Fatigue Takes a Special Toll on Women

Despite managing two jobs, Donna Bosley admits, "Sometimes I get lazy. On weekends, I don't even want to get out of the chair to answer the telephone." Alex Holt cares for three teenage daughters and teaches special education students. She keeps her house clean and her classroom organized. Still, she confesses, "The other day I lost a book and a student's report card."

What's going on? Two busy women. Too common of a problem: Not enough sleep. More than 40 percent of Americans report they are so sleepy during the day that it interferes with daily activities at least a few days a month or more, according to a poll released by the National Sleep Foundation.

Not only can lack of sleep cause us to feel lazy or lose things, it can lead to serious consequences, such as falling asleep while driving. And fatigue takes a special toll on women, who typically manage full-time jobs, children's busy schedules, and more than their share of household chores.

So, how much sleep do you really need? Probably more than you think. Experts agree most adults require eight hours every night. Not seven, not six, but a full eight hours. How much sleep are most of us getting? According to the NSF, probably not enough. Most adults claim to sleep an average of 6.9 hours a night during the week. If you're between 18 and 29, chances are you sleep even less — this group averages less than six hours.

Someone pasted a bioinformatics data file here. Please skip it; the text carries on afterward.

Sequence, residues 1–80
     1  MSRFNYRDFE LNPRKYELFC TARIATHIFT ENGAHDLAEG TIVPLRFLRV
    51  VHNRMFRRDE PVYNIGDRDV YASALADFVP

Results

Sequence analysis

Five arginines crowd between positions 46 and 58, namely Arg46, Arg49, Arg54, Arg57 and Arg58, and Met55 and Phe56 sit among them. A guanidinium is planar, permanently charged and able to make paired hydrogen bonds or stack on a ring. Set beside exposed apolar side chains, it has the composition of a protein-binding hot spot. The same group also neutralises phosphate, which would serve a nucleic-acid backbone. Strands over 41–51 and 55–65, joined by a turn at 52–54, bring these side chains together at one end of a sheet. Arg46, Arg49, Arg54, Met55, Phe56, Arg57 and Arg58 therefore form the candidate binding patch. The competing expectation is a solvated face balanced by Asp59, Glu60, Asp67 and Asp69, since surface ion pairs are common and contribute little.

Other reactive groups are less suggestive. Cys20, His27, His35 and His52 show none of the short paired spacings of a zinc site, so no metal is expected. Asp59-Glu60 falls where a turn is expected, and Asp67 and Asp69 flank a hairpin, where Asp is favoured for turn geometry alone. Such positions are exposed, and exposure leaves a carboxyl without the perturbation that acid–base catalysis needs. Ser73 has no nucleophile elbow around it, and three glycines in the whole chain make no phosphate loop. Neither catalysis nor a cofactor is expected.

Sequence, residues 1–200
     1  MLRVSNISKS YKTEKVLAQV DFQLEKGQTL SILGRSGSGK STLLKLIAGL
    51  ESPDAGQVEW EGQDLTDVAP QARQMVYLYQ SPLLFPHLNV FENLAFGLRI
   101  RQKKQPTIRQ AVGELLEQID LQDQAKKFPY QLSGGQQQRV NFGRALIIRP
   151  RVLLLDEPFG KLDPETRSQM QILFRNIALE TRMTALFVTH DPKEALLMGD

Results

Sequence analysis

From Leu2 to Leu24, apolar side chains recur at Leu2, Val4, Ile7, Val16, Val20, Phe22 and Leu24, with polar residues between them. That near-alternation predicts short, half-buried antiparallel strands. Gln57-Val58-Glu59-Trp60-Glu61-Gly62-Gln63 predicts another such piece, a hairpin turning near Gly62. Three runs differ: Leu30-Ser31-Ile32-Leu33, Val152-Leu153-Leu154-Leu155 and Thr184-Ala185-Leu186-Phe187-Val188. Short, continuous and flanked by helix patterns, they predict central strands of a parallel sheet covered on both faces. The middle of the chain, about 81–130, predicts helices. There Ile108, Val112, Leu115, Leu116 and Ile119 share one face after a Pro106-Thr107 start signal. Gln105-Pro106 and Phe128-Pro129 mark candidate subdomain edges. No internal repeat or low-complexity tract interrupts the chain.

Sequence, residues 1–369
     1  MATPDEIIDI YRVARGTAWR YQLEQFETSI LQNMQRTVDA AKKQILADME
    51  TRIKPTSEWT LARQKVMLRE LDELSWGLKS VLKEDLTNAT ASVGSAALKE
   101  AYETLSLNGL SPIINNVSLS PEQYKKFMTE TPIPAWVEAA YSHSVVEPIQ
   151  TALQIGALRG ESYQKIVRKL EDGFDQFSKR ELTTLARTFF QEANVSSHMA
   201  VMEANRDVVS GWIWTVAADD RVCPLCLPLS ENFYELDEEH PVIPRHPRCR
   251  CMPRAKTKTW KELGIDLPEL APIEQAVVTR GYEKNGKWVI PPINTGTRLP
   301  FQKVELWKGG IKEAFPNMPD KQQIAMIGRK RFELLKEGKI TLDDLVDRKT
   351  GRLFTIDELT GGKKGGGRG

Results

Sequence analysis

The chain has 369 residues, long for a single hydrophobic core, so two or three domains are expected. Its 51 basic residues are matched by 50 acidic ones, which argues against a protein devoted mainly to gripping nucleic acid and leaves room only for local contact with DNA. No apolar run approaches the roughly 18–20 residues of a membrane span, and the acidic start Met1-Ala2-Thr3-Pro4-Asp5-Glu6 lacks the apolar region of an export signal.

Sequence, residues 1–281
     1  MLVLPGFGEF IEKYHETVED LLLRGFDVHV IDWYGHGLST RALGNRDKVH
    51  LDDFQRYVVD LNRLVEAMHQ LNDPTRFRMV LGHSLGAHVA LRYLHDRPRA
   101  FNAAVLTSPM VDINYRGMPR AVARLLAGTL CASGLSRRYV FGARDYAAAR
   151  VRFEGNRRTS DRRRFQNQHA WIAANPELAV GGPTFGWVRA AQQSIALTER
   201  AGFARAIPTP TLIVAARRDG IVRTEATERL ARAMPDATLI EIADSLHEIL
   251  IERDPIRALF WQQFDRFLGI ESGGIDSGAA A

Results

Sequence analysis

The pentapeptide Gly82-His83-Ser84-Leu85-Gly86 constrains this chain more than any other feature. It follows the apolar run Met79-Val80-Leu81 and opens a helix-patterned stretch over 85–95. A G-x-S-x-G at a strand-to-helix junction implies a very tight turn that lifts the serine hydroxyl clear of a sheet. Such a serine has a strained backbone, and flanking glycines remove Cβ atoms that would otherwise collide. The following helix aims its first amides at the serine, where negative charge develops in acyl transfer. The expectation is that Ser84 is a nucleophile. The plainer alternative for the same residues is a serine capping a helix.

Losing an hour or two may not seem like much, but the results affect our performance. The recent NSF poll revealed that 51 percent of adults report that sleepiness on the job interferes with the amount of work they get done. Forty percent admit that the quality of their work suffers when they're sleepy, and at least two-thirds say that sleepiness interferes with their concentration and makes handling stress more difficult.

So what can you do? "Take sleep seriously," advises David Dinges, Ph.D., chief of the division of sleep and chronobiology at the University of Pennsylvania. "The effects of losing sleep are cumulative. If you only get six hours a night, by the fifth day your waking performance may be as if you didn't sleep at all."

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